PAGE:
The Cathédrale St-Pierre-St-Paul (Nantes Cathedral), in the region of Brittany, is one of France's last Gothic cathedrals, built well after most other medieval cathedrals had been completed.
History of Nantes Cathedral
Begun in 1434, Nantes' cathedral was dedicated to Saints Peter and Paul. The cathedral wasn't finished until the end of the 19th century, but it remained amazingly architecturally harmonious.
After a 1972 fire destroyed the roof, the interior was restored.
What to See at Nantes Cathedral
Two square towers dominate the austere façade, which contrasts with the light, wide, limestone interior.
The large, airy interior is an impressive 100m (335-ft.) long with 120-foot high vaults (higher than the Notre-Dame in Paris). The whiteness of the walls and the rich colors of the stained-glass windows make for a striking contrast.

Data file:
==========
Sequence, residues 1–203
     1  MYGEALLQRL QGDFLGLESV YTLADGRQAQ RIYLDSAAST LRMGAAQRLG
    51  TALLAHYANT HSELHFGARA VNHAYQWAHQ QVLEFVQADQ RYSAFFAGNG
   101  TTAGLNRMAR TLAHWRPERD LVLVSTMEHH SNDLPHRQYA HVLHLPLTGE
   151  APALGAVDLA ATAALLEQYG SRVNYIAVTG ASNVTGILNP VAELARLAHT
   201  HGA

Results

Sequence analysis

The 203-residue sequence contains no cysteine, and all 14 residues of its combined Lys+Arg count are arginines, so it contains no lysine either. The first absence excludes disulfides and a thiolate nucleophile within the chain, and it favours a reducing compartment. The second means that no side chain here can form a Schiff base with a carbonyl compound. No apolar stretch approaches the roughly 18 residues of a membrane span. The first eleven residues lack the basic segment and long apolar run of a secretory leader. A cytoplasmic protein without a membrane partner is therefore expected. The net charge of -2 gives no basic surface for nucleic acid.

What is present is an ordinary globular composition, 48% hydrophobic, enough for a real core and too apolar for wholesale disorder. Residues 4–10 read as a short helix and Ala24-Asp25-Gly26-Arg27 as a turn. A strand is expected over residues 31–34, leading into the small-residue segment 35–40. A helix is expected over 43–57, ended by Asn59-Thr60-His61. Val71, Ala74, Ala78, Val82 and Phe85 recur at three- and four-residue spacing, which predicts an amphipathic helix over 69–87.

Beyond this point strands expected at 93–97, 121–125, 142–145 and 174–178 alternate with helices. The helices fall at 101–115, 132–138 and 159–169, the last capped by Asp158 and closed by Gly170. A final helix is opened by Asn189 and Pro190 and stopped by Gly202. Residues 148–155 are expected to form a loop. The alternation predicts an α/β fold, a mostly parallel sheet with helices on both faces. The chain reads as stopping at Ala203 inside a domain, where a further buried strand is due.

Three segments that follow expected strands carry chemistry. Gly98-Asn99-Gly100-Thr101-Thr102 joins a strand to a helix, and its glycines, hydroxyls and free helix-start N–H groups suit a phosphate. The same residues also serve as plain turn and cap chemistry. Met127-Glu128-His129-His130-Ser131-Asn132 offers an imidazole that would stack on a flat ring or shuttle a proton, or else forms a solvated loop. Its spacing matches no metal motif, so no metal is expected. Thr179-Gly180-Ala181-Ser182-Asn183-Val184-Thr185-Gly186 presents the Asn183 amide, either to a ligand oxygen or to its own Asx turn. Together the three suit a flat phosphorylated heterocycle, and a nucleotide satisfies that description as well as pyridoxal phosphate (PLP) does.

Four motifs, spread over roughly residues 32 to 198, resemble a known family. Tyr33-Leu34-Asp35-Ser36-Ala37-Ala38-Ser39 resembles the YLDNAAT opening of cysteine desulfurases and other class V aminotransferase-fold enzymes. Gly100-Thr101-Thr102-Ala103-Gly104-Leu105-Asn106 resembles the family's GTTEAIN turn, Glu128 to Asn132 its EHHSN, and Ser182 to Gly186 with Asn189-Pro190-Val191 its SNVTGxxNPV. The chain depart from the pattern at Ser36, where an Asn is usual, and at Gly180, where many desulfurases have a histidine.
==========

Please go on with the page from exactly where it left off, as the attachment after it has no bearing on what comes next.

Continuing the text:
Nantes Cathedral's most notable treasure is Michel Colomb's Renaissance tomb of François II, Duke of Brittany, and his second wife, Marguerite de Foix. Also noteworthy is the tomb of Gen. Juchault de Lamoricière, a Nantes native and a great African campaigner; sculptor Paul Dubois completed the tomb in 1879.
The cathedral's crypt, dating from the 11th century, shelters a museum of religions.
Quick Facts on Nantes Cathedral
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|47.217994° N, 1.550703° W
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Map of Nantes Cathedral
Below is a location map and aerial view of Nantes Cathedral. Using the buttons on the left (or the wheel on your mouse), you can zoom in for a closer look, or zoom out to get your bearings. To move around, click and drag the map with your mouse.